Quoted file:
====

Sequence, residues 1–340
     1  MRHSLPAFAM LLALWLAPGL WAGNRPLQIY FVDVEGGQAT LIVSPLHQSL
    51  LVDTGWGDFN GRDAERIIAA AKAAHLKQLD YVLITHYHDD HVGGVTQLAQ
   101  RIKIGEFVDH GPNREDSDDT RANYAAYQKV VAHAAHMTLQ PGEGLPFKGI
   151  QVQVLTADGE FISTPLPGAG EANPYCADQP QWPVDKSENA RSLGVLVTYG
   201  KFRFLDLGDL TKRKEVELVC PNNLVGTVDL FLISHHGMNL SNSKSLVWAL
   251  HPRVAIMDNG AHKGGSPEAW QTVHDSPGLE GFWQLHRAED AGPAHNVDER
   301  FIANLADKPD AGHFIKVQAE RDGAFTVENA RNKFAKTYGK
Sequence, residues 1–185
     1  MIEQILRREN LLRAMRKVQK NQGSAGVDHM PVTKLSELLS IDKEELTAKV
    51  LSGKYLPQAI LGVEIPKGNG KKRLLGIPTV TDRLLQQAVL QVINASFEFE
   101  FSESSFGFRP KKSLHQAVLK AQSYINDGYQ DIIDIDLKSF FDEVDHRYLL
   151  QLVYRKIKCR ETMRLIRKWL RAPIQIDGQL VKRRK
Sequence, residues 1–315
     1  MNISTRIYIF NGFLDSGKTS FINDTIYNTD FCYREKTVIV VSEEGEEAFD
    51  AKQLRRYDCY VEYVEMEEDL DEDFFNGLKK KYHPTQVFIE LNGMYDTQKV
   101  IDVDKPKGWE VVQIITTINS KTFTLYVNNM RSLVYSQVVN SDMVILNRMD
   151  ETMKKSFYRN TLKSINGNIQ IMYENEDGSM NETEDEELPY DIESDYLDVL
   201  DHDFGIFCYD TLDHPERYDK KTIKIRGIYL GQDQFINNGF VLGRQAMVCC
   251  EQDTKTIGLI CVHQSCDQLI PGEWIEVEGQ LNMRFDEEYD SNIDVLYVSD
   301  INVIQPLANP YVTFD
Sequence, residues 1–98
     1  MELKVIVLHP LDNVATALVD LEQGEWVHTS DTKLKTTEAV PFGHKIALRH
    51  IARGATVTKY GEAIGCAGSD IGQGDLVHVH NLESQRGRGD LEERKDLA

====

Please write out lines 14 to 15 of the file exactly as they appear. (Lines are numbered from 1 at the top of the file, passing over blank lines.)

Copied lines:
Sequence, residues 1–315
     1  MNISTRIYIF NGFLDSGKTS FINDTIYNTD FCYREKTVIV VSEEGEEAFD